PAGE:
'Chicken Day' at the Farm of Many Faces

Reveals how a couple working 50 hours a week for six months
on 8 hectares can NET $25,000.

First of two parts. . . .By George DeVault

Above: The assembly line on one of the 4 "chicken days" that happen each month during the 6-month season.  


From late May through early October, the Salatin family slaughters up to 8,000 broilers on their farm in the scenic Shenandoah Valley of Virginia. Today is another 'Chicken Day.' Seven workers gather in the farm's open-air processing pavilion. They are eager to start, because the driver who will deliver the freshly dressed chickens to gourmet restaurants in cities 80 to 240 kilometers away will arrive in just two-and-a-half hours. Besides, it's cold and windy this morning. The workers need to keep busy to stay warm.

The group represents three generations of the Salatin family: Matriarch Lucille Salatin, her son Joel, his wife Teresa and their two children, 16-year-old Daniel and 10-year-old Rachel. Then there is Joshua 'Cowboy Josh' Griggs, a 20-year-old from the state of Washington, who is living at the Salatin farm for a one-year apprenticeship. (Another apprentice, Daniel Bergen, left that morning to return to his home state of Maine after spending two months on the farm.) Pat O'Connor from Florida just happened to be in the area. He stopped for a day to learn by helping.

Polyface Farm has become a Mecca for beginning farmers who want to follow in the Salatins' pioneering footsteps. The farm is called Polyface -- 'Farm of Many Faces' -- because, unlike most American farms, it is highly diversified. Instead of producing only grains, milk or meat, Polyface offers beef, eggs and poultry (broilers and stewing hens), turkey, pork, rabbit, firewood and other forest products and even some vegetables. All of the animals are fed on pasture as much as possible rather than on grain.

'I am the privileged third generation to continue the principles based on the belief that God created the Earth and established humanity as its steward, to nurture, protect and embellish. This philosophy precludes the use of toxic chemicals, debasing substances, and erosive practices, and instills instead an insatiable thirst for agricultural truth,' Joel Salatin wrote in the introduction to his popular 1993 book 'Pastured Poultry Profits.' The book explains, step-by-step, how a couple working 50 hours a week for six months on just eight hectares can net at least $25,000 a year with an investment equivalent to the price of one new medium-sized tractor. 'Seldom has agriculture held out such a plum. In a day when main-line farm experts predict the continued demise of the family farm, the pastured poultry opportunity shines like a beacon in the night.' A former newspaper reporter, Salatin has also written a book on his 'Salad Bar Beef' and produced a video on the entire farm.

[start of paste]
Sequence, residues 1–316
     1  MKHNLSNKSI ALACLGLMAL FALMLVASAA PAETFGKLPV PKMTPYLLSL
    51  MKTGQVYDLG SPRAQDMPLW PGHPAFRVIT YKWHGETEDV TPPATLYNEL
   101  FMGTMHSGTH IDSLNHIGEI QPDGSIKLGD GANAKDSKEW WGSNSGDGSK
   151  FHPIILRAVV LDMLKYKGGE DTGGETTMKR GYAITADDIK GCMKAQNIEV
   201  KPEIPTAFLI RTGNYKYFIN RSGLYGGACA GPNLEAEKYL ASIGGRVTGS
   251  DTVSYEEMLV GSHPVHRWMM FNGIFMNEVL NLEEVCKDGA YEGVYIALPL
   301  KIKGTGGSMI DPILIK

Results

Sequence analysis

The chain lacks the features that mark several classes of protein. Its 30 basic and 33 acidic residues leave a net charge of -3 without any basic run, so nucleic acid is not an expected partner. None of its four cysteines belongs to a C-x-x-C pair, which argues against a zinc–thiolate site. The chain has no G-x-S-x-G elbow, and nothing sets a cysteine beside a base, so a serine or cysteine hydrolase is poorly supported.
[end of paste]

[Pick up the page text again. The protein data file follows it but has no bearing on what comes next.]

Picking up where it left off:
Consumers also flock to his farm. Polyface Farm now has about 400 regular customers who want to buy fresh, more nutritious meat, eggs and vegetables directly from the people who produce it all. Many consumers drive more than 200 kilometers to pick up their meat and produce at Polyface Farm. They pay $3.19 per kilo for broilers and $2.97 per kilo for the larger 'stewing hens,' which have been laying eggs for the past two years. Those customers will begin arriving midday. They will be gone by 5 p.m. And so will all of the 250 broilers that still must be killed and cleaned -- in just the next two hours.

Slaughter begins promptly at 8:30 a.m. The goal is to be completely finished by 10:30 a.m. O'Connor, the least skilled of the workers, manhandles the first of 30 crates of birds from a stack on a tractor-drawn trailer outside the pavilion. The birds were taken off of feed and crated about 12 hours earlier so that their craws would be clear for slaughter. He grabs the birds by their feet. Wings flap. Eight white chickens are up-ended in the galvanized metal 'killing cones' at the far end of the processing line. Razor-sharp boning knives flash in the early morning sun. The chickens' throats have been slit. Bright red blood flows down a metal trough and into a large plastic bucket. In a minute or so, the chickens are 'bled out.' They're moved on to the next station in the processing line. And a fresh batch of birds is inserted into the cones.


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